RICHMOND-Hemp is more than a plant - it's a lightning rod. The hardy plant some call a weed has both passionate supporters and detractors. The fiberous plant, a unique source for fiber and a drug called marijuana, is a native of Asia, but it has found a home in many temperate and neotropical climates.
In Vermont, one of the largest supporters of the development of hemp as a commercial product, is the organization Rural Vermont, an advocate of the plant as a viable agribusiness here. Now the farm group has linked up with the national advocacy group Vote Hemp to celebrate and promote Hemp History Week May 2-8.
In several political and agricultural communities within Vermont, there has been widespread support for hemp since the 1990s, but the road to growing hemp legally has been rocky.
While Vote Hemp officials cite strong support here, based on the 2008 law which ended up legalizing industrial hemp in Vermont, they also note a federal law which now prevents local farmers from growing the plant - legally.
To address this and other issues relating to commercial hemp production, Rural Vermont has joined a national coalition to change the federal barrier. The organization wants to position Vermont as one of the first states to plant the versatile crop.
According to Shelby Girard of Rural Vermont, Hemp History Week calls for states coast-to-coast to return the plant to legal crop status.
Unlike illegal marijuana, also a hemp plant, most commercial hemp varieties do not produce the narcotic-like chemicals of marijuana; instead the plant's amazing fiber is tough and versatile and can be processed for use in a multitude of products, he said.
"Individuals and organizations across the country will be honoring America's rich history with industrial hemp," Girard said. "(Hemp History Week) will generate increased support for the relegalization of hemp farming in our country."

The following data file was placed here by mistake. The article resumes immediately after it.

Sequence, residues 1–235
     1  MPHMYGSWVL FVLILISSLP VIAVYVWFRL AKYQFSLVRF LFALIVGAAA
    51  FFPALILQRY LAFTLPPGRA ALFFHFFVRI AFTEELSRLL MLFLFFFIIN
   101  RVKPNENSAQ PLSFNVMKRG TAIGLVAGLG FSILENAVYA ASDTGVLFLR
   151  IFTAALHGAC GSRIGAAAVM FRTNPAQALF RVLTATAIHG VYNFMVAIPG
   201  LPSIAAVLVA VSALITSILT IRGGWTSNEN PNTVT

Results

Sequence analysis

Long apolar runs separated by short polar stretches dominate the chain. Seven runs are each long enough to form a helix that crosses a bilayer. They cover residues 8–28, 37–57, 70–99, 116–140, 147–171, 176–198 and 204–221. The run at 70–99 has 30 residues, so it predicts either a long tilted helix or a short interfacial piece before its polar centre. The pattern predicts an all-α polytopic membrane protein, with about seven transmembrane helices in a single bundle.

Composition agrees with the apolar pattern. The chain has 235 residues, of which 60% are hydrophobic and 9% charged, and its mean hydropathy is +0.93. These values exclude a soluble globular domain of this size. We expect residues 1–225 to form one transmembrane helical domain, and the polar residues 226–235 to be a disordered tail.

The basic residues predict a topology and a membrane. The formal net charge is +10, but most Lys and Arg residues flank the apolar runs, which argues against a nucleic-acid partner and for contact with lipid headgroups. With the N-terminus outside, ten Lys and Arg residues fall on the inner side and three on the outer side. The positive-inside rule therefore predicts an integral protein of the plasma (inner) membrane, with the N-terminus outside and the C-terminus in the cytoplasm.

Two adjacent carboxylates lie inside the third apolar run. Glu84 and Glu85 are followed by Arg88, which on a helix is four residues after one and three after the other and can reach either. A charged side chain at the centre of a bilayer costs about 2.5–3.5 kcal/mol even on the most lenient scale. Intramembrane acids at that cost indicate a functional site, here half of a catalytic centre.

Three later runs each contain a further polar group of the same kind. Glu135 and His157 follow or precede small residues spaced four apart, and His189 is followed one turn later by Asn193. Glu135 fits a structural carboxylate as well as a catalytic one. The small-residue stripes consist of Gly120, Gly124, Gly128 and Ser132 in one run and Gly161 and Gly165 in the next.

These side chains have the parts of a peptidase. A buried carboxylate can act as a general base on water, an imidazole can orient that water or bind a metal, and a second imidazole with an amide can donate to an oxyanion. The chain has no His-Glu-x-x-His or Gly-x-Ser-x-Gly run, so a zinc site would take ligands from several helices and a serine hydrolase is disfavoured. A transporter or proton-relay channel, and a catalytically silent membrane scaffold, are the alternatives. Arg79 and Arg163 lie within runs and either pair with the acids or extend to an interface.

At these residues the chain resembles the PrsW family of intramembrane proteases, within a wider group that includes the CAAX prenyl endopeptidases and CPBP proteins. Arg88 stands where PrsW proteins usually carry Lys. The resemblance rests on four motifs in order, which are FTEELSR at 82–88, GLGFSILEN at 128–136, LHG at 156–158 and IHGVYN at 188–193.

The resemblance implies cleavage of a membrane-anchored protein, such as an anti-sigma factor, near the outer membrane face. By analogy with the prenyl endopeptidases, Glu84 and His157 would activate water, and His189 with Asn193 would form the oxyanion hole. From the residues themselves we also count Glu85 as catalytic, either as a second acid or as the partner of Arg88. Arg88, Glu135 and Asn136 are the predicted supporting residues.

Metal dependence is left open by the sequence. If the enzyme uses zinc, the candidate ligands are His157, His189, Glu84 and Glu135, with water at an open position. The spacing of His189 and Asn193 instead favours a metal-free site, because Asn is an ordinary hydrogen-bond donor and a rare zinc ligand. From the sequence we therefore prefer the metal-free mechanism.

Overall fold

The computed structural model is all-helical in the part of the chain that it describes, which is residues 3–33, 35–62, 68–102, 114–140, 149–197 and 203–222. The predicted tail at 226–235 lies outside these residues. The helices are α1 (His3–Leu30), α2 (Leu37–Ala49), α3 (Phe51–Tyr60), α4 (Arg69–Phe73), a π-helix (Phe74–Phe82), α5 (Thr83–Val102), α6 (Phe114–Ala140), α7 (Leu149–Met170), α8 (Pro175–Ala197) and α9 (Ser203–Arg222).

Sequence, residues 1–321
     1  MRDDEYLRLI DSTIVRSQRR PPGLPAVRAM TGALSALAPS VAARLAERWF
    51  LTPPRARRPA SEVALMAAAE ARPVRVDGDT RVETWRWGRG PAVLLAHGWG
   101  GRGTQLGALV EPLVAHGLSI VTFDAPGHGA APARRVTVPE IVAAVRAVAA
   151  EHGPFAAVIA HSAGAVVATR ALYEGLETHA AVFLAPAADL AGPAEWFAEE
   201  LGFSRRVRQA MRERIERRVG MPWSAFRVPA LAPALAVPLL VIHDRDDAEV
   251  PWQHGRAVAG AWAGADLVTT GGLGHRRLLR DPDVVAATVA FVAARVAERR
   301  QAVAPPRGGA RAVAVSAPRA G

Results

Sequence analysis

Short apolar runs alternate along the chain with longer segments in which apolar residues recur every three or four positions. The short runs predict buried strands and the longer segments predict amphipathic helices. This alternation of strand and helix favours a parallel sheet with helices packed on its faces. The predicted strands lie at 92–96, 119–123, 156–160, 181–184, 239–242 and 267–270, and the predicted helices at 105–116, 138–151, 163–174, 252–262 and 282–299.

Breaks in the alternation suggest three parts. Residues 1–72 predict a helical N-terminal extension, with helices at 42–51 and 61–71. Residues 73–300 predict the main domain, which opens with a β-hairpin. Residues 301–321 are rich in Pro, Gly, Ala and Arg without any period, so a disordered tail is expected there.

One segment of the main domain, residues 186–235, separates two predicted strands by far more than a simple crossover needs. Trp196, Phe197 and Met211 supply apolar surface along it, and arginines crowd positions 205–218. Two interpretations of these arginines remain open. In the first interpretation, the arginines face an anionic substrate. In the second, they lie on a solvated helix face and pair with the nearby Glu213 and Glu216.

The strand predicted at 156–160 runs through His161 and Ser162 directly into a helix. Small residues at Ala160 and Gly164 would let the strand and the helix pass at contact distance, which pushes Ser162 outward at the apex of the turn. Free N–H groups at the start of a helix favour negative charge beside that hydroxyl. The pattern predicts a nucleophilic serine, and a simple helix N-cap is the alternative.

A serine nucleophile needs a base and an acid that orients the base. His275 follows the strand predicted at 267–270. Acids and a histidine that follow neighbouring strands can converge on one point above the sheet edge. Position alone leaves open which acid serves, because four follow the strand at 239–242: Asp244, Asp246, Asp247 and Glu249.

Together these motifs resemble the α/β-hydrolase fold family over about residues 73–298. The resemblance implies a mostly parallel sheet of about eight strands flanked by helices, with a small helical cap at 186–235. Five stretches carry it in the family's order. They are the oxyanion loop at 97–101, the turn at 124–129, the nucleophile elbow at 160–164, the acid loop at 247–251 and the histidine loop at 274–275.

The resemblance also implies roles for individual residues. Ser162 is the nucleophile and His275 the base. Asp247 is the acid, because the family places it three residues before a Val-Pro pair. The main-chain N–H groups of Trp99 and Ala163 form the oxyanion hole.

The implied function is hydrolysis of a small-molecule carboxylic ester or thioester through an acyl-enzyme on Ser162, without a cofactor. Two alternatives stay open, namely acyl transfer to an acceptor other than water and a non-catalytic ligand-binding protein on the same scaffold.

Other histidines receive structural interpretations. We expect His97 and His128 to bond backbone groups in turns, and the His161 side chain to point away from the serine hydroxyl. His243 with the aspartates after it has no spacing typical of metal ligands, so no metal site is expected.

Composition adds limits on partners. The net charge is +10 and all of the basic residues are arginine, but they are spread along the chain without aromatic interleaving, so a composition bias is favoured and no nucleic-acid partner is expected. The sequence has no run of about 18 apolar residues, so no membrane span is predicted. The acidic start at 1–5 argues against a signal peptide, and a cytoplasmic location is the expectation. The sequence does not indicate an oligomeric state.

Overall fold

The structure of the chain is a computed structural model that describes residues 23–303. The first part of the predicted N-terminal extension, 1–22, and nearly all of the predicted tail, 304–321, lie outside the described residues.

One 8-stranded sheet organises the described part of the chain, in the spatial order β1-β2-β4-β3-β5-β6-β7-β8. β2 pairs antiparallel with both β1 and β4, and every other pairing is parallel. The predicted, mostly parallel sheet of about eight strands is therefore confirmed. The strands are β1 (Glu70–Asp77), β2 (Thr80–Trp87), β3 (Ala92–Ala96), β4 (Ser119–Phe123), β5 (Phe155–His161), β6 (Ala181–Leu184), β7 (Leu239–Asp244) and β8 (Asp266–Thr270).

Girard said Rural Vermont held a public event Wednesday, May 4 at the West Monitor Barn in Richmond, where in conjunction with the 2011 annual meeting, there were hemp displays, hemp giveaways, hemp updates, and opportunities to take action in support of hemp.
Girard encouraged farmers interested in hemp to attend the event and learn about how to plant hemp seeds in Vermont soil.
"Vermont farmers can benefit from the $360 million U.S. hemp products market," he noted.
Girard said hemp activist Bob St. Peter, author of the book "Local Food, Local Rules: Creating Food and Farming Policies that Work for your Community," was the keynote speaker.
Sponsors for Rural Vermont's annual meeting include Way Out Wax, a Morrisville-based candle company that currently sources hemp oil for its candles. Several hemp products will be available as prizes.
Check It Out: Got hemp? If not, visit Rural Vermont's Web site at www.ruralvermont.org. For facts about Vermont businesses using hemp, see the Way Out Wax website at www.wayoutwax.com. For details about attending next week's hemp meeting in Richmond or joining the hemp campaign, call 223-7222.